[21] The wind stress maps for the three simulations (Ls = 225°, 255°, and 310°) are shown in Figure 3. In each case, times of day when high wind stresses covered the greatest area were selected. The figures show areas of the surface for which the stress exceeds a value of 0.032 Pa. This value was chosen to be the dynamic stress threshold on the basis of the laboratory assessment of 0.04 Pa as the static stress threshold for saltation. The value corresponds to those used in some studies [Iversen et al., 1976; Anderson et al., 1999], as well as being in the midrange of values derived from others [White, 1979; Greeley et al., 1980]. The static threshold is the stress required to initiate motion of sand-sized particles. The dynamic threshold is the stress necessary to sustain motion after it has been initiated. The dynamic threshold is roughly 80% of the static value based on observations [Bagnold, 1941]. The dynamic threshold was chosen for use on the assumption that sub-grid-scale winds will exceed the static threshold in grid boxes where the dynamic threshold is exceeded (and that if the static threshold is exceeded by gusts in a grid box whose average wind stress does not exceed the dynamic value, any dust lifted will quickly dissipate). In three seasonal cases examined, significant areas of the model domain exceed the chosen threshold. In fact, if 0.04 Pa had been chosen, much of these areas would still have exceeded threshold.

Figure 3.

Maps of the south polar region used in the mesoscale simulations. Topography is shown by the gray shading in the background. The extent of the seasonal cap is shown by the white line. Surface wind stress is contoured by the thick black lines in intervals of 0.032 Pa. The small black circle is the longitude of local noon. (a) Ls = 225°. Local noon is at −120°E. (b) Ls = 255°. Local noon is at 15°E. (c and d) Ls = 310° (large and small domains used). Local noon is at −165°E.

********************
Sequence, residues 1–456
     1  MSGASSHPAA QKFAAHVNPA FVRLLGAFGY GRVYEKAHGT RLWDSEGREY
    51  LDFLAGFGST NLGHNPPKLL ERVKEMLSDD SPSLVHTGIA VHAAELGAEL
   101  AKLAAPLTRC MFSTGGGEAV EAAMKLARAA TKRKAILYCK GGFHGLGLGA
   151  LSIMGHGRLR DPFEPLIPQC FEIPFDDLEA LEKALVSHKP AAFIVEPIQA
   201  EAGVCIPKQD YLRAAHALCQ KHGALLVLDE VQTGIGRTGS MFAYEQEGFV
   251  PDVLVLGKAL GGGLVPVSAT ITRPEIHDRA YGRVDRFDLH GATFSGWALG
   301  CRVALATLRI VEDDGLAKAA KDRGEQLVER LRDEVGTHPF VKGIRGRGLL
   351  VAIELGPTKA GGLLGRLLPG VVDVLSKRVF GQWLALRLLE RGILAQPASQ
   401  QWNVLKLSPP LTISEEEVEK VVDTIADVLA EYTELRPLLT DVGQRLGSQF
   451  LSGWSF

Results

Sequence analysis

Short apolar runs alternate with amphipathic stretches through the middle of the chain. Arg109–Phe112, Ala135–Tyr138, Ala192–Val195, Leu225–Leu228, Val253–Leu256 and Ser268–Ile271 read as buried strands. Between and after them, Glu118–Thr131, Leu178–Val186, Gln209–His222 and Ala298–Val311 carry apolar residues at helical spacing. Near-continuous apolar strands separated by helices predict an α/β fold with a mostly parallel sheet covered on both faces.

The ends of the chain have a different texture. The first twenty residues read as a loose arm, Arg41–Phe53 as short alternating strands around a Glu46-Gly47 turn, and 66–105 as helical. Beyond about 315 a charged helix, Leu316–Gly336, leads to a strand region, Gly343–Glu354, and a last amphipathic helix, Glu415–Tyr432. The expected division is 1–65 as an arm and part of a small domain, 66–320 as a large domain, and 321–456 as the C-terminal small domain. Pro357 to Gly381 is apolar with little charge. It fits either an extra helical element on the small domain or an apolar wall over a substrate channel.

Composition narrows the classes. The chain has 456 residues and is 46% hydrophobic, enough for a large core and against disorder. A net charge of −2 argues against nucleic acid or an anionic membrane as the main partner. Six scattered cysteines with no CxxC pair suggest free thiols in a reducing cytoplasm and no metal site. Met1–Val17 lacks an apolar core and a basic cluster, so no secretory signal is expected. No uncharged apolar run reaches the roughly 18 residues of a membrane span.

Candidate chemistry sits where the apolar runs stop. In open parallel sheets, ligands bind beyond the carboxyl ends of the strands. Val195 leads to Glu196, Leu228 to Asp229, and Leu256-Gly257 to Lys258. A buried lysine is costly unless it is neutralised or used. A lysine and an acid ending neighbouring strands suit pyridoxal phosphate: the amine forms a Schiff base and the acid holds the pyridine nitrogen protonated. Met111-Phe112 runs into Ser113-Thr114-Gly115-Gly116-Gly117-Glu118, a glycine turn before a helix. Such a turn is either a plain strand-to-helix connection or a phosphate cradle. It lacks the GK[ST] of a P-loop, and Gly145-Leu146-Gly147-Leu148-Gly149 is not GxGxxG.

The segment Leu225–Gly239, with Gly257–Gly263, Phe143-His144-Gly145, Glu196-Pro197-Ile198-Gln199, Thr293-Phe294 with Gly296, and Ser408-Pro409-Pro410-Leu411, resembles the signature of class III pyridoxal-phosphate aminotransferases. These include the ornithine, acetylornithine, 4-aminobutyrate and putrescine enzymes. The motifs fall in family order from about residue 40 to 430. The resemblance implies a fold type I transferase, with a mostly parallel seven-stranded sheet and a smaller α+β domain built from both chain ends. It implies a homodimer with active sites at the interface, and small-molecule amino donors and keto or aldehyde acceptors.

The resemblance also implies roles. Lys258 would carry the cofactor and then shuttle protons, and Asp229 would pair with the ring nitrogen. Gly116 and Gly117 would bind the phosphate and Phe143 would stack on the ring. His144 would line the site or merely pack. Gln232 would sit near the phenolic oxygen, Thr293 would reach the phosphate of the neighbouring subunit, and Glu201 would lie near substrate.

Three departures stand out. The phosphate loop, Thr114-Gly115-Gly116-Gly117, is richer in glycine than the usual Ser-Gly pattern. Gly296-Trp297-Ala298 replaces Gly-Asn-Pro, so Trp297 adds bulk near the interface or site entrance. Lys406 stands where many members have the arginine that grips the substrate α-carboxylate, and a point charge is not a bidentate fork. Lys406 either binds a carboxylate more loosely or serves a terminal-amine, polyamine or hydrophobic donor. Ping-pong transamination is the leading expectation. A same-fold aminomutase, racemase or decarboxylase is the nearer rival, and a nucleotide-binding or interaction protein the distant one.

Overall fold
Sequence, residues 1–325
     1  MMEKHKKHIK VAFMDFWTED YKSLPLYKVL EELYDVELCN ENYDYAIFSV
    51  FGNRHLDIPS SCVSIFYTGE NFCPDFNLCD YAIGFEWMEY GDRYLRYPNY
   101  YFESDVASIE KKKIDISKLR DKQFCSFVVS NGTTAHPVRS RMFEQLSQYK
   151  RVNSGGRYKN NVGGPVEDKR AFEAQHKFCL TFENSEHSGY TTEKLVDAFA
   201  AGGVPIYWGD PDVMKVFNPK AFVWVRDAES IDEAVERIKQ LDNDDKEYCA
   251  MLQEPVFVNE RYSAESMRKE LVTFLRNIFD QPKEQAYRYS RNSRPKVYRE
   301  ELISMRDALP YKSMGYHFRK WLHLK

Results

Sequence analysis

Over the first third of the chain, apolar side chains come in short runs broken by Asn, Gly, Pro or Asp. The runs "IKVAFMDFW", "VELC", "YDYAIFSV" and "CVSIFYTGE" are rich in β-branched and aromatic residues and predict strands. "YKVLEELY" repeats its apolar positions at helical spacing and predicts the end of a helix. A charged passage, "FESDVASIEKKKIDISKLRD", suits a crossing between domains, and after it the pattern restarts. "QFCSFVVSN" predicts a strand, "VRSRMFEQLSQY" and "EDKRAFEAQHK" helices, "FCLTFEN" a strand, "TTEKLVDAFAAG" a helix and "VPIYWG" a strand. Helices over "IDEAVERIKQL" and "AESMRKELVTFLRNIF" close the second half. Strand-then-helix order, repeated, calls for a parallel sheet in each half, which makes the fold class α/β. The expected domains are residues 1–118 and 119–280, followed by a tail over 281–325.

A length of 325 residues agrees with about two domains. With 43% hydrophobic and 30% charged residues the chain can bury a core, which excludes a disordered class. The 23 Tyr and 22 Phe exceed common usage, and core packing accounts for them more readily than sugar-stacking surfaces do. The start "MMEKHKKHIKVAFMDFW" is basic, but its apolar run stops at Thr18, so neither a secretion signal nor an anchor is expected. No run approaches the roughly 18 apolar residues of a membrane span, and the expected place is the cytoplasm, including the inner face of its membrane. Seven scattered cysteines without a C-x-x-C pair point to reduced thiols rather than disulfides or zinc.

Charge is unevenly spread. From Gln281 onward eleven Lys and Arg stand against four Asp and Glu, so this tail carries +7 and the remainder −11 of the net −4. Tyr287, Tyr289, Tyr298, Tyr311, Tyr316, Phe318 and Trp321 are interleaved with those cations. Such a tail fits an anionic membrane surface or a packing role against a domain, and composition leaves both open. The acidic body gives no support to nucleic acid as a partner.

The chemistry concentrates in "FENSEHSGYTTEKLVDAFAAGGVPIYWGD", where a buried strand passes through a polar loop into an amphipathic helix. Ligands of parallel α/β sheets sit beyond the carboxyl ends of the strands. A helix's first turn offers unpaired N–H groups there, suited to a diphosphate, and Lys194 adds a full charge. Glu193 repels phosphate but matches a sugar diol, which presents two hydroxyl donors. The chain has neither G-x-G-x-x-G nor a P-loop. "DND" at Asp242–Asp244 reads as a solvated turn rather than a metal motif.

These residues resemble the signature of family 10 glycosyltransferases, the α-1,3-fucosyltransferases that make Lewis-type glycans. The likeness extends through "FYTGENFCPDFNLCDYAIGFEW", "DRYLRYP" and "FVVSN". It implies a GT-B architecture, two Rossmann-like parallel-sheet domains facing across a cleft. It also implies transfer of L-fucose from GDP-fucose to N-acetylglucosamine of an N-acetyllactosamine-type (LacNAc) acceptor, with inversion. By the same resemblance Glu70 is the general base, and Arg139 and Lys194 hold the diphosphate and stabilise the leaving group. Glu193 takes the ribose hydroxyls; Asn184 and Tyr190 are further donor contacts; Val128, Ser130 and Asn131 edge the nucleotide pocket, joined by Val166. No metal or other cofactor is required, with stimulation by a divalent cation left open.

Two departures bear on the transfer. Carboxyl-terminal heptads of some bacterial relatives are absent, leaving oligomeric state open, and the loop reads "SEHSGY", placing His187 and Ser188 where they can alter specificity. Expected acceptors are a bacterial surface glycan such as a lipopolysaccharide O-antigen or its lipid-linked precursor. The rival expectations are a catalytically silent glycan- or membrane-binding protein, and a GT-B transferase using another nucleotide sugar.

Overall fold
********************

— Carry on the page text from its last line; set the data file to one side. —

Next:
[22] The three seasonal dates for which simulations were conducted, Ls = 225°, 255°, and 310°, were chosen for two primary reasons. First, the different dates correspond to different extents of the seasonal ice cap, from extensive and nearly circular at Ls = 225° to approximately the residual extent at Ls = 310. Second, the observations show that in the midspring season, there was significant discrete cap edge storm behavior, while a buildup of dust in the polar regions occurred after Ls = 255°. Thus the observations suggest that this set of simulations should provide a range of polar dust-lifting behavior. In the following paragraphs the results of the simulations are described in seasonal order. Given that the simulations exhibit a great deal of time variability, it is not possible to capture this range of behavior in figures. This variability is mostly with respect to variations in local time; day-to-day variations (throughout the extent of the model run) in location and extent of regions of high wind stress are negligible. However, to provide some idea of the occurrence and behavior of dust lifting, Figure 3 shows representative time snapshots of the simulations. Note that the term “lifting” will be used in this section to denote occurrences of surface wind stresses exceeding the dynamic threshold.

[23] For Ls = 225° the simulation shows a great deal of lifting along the cap edge (Figure 3a). Lifting occurs at all longitudes at some point during the day. Right at the cap edge, lifting is roughly in phase with the Sun, with significant cap edge lifting occurring generally between the local times of approximately noon and 1800 LT. In these cases, lifting occurs right at the very edge of the cap. However, significant lifting also occurs during the night and morning in certain longitude regions. Specifically, significant nonafternoon lifting occurs in the region between −30°E and −60°E within 10° of the cap edge and in the region between 45°E and 90°E between 2° and 10° from the cap edge. Between 90°E and 135°E, significant lifting occurs right at the cap edge and extending out by over 15° of latitude beginning at 0600 LT and continuing to ∼1900 LT.